Into the void

Take only memories - leave nothing but footprints
— Chief Seattle 1854

The largest city in the Pacific Northwest of the United States is named for the Native American Chief Seattle, also known as Sealth or Si’ahl (1786- 1866).  A visionary leader of the Duwamish tribe he is remembered for his dignified and noble defences of ecology and advocacy for Native American land rights. He worked with the colonisers to negotiate the best possible outcomes for his tribe in the face of the rapid sweep of population to the Pacific North following the onset of the maritime fur trade.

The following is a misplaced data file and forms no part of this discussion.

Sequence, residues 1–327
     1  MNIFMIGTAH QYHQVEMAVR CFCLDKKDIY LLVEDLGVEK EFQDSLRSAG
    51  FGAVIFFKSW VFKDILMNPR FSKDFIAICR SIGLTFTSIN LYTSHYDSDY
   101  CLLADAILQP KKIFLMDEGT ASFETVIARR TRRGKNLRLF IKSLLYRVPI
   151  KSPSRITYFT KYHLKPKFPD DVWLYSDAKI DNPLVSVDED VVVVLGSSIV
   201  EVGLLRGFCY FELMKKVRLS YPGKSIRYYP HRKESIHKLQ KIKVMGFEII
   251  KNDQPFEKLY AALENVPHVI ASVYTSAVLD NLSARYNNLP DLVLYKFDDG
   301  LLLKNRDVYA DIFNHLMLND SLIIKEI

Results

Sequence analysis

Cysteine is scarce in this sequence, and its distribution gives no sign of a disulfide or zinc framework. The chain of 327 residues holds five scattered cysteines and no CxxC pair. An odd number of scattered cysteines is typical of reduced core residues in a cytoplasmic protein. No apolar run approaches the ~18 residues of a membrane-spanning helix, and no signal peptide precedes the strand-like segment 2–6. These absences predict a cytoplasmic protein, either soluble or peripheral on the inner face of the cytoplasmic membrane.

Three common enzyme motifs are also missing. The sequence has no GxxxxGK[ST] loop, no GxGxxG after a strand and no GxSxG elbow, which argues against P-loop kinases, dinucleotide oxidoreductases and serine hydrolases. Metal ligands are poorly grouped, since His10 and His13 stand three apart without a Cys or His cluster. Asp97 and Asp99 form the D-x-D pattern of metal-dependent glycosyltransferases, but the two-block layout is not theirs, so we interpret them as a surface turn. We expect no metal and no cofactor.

Sealth is reported to have made a profound impact on the colonisers of his country in his native Lushootseed language during a public address with the State Governor in 1854. There is also controversy over the translation of a letter he wrote to the U.S. President a year later. Although his exact words may have been diluted in translation his message on behalf of his people calling for restraint and respect for the land is clear.

In 1993, Sealth’s vision was captured by one of Seattle’s seminal grunge bands Soundgarden who covered Black Sabbath’s song “into the void”, replacing the original lyrics with Sealth’s words.

All things are bound together - all things connect (Chief Seattle 1854)

All things are bound together - all things connect (Chief Seattle 1854)

To read a transcript of Chief Seattle's letter, visit:

To read a transcript of his speech, visit: